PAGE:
Gastroparesis is when the stomach is unable to effectively clear its contents. When this happens, the food you eat ends up sitting in the stomach for longer than normal. When you eat, food enters the stomach and is moved within the stomach due to the muscles in the stomach wall contracting. These muscles are under the control of the stomach’s nerves as well as a set of special cells that act as the pacemaker of the stomach known as the interstitial cells of Cajal. They send signals to the stomach muscles to move. Other things that impact how your stomach moves are the nerves coming from your brain and spinal cord into the stomach such as your vagus nerve. If the stomach does not contract it cannot push food through into the intestines.
Why do people get Gastroparesis?This can happen because either the nerves, stomach muscles, or those special cells are injured and don’t work properly. This can happen for a number of reasons such as after an illness (5%) or surgery (12.5%), due to certain medications (18%), secondary to diabetes (4%) or can even randomly occur (most common cause is idiopathic ~70%).
How long can Gastroparesis last?
This depends on what caused your stomach to slow down in the first place. Post infectious gastroparesis, which is a fancy way of saying it happened after an illness, can occur days to months after the infection and typically self resolves after 6 – 18 months. Your stomach gets affected by the illness and therefore slows down and needs time to recover. Other causes typically resolve after we figure out what caused it and treat it. If it happens randomly, we don’t always have a known timeline, but most of the cases do resolve!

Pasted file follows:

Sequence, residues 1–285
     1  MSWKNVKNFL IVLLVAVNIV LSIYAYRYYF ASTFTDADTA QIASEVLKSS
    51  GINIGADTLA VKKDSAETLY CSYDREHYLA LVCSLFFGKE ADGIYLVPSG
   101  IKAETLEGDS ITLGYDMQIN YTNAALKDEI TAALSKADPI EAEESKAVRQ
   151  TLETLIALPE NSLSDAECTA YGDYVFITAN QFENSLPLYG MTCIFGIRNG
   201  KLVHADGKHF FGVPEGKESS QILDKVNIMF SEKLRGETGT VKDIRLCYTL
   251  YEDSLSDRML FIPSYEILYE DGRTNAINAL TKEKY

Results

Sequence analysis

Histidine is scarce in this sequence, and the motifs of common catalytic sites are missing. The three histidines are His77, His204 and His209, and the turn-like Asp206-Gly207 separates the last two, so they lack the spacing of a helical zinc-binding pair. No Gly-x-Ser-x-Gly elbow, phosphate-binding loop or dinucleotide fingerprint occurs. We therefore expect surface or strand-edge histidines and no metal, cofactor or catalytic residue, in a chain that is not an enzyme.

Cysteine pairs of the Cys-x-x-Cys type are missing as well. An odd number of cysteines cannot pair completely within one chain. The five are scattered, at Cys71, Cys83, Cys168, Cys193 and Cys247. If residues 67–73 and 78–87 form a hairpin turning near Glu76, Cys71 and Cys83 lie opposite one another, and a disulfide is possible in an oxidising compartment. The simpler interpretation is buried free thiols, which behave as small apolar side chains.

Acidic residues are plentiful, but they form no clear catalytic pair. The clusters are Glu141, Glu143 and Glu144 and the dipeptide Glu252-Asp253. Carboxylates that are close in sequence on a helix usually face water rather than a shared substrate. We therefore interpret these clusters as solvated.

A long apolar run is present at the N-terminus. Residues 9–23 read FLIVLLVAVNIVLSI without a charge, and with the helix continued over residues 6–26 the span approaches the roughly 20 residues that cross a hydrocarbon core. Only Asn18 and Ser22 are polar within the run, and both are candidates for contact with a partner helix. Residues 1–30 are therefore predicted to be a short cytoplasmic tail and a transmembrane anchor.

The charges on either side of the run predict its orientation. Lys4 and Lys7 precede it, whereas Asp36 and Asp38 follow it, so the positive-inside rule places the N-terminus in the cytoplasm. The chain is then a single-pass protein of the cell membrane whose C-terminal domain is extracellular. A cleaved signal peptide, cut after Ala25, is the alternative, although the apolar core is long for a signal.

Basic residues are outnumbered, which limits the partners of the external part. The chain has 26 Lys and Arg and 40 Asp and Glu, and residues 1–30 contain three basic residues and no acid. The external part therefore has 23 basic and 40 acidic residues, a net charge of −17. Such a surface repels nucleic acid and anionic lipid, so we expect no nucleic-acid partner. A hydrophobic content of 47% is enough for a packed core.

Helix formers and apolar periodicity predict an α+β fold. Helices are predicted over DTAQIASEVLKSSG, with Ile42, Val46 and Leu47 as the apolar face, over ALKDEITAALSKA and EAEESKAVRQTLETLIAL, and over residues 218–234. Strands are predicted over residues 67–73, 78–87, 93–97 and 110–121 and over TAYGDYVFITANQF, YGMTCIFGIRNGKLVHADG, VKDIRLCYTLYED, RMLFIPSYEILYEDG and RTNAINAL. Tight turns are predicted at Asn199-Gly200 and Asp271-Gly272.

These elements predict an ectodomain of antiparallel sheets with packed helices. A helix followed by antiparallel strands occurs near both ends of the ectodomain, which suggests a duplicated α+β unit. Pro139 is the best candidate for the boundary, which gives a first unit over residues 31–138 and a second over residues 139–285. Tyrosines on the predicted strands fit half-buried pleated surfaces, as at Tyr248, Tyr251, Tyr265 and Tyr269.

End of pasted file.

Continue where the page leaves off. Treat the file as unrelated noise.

Who is at risk for Gastroparesis?
Gastroparesis tends to be more common in girls than in boys for reasons that are unclear. Kids with diabetes are only at risk if their diabetes is not under good control. Your risk of developing diabetic gastroparesis increases with age and duration of illness and if they have uncontrolled diabetes with consistently high blood sugars.
How do you treat Gastroparesis?
If you are diagnosed with gastroparesis do not worry there are multiple treatment options. You will have to go through some tests first to be properly diagnosed and to try and discover the cause. After that, you and your doctor can discuss which treatment options are best for you. These can include dietary changes, lifestyle modifications, or medications which should do the trick. If anything should continue or feel off, please contact your medical provider right away but we regularly see our gastroparesis patients make a full recovery!
Your Pediatric Team at PB Digestive
Sari M. Kay, MD is a board-certified Pediatric Gastroenterologist. She has a specialties and expertise in treating patients with inflammatory bowel disease, celiac disease, eosinophilic esophagitis, constipation, infant reflux, and functional GI disorders.
Laura E. Irastorza, MD is a board-eligible Pediatric Gastroenterologist. She has expertise in treating patients with eosinophilic esophagitis, constipation, reflux, and functional GI disorders such as irritable bowel syndrome.